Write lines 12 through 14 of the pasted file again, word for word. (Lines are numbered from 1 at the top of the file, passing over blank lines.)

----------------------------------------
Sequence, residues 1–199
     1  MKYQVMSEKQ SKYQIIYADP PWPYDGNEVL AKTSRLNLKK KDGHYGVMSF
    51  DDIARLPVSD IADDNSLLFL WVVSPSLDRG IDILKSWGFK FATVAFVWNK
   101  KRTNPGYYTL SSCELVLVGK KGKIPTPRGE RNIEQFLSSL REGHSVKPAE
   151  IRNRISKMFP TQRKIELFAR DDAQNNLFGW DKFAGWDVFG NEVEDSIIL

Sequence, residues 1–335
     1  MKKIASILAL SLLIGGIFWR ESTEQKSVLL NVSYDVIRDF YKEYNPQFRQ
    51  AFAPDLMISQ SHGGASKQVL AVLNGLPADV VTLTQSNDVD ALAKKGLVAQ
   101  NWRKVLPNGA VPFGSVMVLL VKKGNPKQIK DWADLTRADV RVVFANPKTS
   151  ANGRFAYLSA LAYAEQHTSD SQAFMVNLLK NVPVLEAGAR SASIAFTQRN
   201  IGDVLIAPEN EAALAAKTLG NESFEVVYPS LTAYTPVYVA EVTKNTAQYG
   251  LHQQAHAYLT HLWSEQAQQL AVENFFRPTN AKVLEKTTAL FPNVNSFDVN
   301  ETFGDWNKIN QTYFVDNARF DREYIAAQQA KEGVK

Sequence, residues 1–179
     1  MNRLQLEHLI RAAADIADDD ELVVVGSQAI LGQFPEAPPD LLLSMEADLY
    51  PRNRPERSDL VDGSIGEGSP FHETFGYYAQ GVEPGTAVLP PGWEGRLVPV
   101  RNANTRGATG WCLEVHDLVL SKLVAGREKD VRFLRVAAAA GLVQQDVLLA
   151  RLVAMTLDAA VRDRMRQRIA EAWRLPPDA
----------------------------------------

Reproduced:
   251  LHQQAHAYLT HLWSEQAQQL AVENFFRPTN AKVLEKTTAL FPNVNSFDVN
   301  ETFGDWNKIN QTYFVDNARF DREYIAAQQA KEGVK

Sequence, residues 1–179